Monday, 20 November 2017
logo
Up-to-the-minute perspectives on defence, security and peace
issues from and for policy makers and opinion leaders.
        



dv-header-dday
     |      View our Twitter page at twitter.com/defenceredbox     |     

defencenews

The Royal Navy's Sea King Mk7 Force have completed their 1,000th operational mission in Afghanistan.

Sea King helicopter squadrons from Royal Naval Air Station (RNAS) Culdrose have been operating from Camp Bastion since 2009 and have contributed to the confiscation of significant amounts of IED-making equipment, arms and drugs, and the detainment of suspected insurgents.

Following their help, on a recent vehicle interdiction, ground forces seized over 1,200kg of unprocessed wet opium with a street value of around 1.9m.

Royal Navy Airborne Surveillance and Control helicopters operate like 'flying radar stations', detecting enemy aircraft, ships and even vehicle movements over land.

Their job is primarily to provide Royal Navy ships with protection against low-flying enemy aircraft and missiles, using radar to detect enemy aircraft, feeding the information back to the ship for investigation, and, if necessary, directing the aircraft sent to intercept them.

However, the helicopters are currently proving equally effective operating over land, providing wide area surveillance in Afghanistan. Being based on-scene at Camp Bastion, aircrews are able to react swiftly to events on the ground, directing coalition aircraft and ground forces to investigate, and in some cases destroy, suspected enemy targets.

Two RNAS Culdrose-based squadrons take rotating one-year tenures in theatre. During their time in theatre, 854 and 857 Naval Air Squadrons have enabled the discovery of significant amounts of IED-making equipment, arms, drugs and suspected insurgents.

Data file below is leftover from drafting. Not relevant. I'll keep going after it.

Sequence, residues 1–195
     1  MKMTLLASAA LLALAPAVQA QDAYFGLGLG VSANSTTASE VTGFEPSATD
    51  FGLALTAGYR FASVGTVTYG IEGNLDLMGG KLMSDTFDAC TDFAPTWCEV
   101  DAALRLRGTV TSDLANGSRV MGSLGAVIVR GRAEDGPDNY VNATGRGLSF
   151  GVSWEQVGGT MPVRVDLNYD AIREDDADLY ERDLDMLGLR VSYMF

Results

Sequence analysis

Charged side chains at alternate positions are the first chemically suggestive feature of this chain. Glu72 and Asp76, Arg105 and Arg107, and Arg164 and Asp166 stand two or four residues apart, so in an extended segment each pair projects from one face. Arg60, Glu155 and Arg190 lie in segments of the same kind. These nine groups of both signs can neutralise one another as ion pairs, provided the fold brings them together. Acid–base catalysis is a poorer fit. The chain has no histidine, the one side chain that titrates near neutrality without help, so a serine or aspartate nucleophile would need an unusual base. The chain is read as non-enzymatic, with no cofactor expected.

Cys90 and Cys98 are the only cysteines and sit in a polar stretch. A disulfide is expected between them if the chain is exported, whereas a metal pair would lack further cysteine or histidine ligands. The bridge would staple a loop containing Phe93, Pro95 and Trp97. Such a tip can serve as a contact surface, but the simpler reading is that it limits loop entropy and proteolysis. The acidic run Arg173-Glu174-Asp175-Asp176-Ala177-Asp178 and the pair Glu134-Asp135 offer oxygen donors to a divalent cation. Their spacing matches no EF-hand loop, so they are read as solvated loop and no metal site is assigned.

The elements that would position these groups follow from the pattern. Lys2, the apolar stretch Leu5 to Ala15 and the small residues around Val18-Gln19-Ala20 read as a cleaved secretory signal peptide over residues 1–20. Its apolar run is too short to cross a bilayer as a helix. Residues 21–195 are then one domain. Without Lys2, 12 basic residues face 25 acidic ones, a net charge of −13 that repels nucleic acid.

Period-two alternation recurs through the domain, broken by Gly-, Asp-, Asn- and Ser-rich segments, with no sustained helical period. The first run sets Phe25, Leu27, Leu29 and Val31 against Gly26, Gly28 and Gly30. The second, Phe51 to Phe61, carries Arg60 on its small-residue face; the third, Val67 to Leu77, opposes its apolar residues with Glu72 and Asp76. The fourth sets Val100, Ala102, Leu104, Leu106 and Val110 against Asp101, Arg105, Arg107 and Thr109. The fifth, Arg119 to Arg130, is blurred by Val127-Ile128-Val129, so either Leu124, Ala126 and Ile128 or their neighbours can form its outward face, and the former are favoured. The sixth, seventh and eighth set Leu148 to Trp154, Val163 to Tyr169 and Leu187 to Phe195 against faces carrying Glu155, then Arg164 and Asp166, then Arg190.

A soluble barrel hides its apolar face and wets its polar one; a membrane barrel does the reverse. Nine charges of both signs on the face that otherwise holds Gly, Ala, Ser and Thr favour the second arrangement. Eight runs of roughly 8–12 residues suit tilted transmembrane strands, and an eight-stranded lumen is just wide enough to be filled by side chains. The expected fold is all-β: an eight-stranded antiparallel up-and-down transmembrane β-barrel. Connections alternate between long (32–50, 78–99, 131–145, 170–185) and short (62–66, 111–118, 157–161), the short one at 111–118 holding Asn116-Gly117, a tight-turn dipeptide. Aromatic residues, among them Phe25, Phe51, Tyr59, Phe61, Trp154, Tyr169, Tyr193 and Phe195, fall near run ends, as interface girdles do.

They have regularly directed ground forces to vehicles laden with fertiliser, electric wiring and batteries, all of which are used to make explosives. Their actions have directly helped to save the lives of Afghan citizens and coalition troops.

Operating in desert conditions in temperatures ranging from minus 10 to 45 degrees Celsius, and, with the ever-present threat of enemy action, the helicopters have had a number of enhancements fitted. They have improved engines and different rotor blades, are night-vision-capable, and carry a sophisticated defensive aids suite.

To maintain the core maritime skills of our Sea King crews, the 'off watch' squadron embarks upon various Royal Navy warships to hone their maritime skills, ensuring that they remain fully capable of protecting UK forces at sea.

Add comment


Security code
Refresh

Cookies
We use cookies to ensure that we give you the best experience on our website. If you continue without changing your settings, we'll assume that you are happy to receive all cookies on the Defence Viewpoints website. However, if you would like to, you can modify your browser so that it notifies you when cookies are sent to it or you can refuse cookies altogether. You can also delete cookies that have already been set. You may wish to visit www.aboutcookies.org which contains comprehensive information on how to do this on a wide variety of desktop browsers. Please note that you will lose some features and functionality on this website if you choose to disable cookies. For example, you may not be able to link into our Twitter feed, which gives up to the minute perspectives on defence and security matters.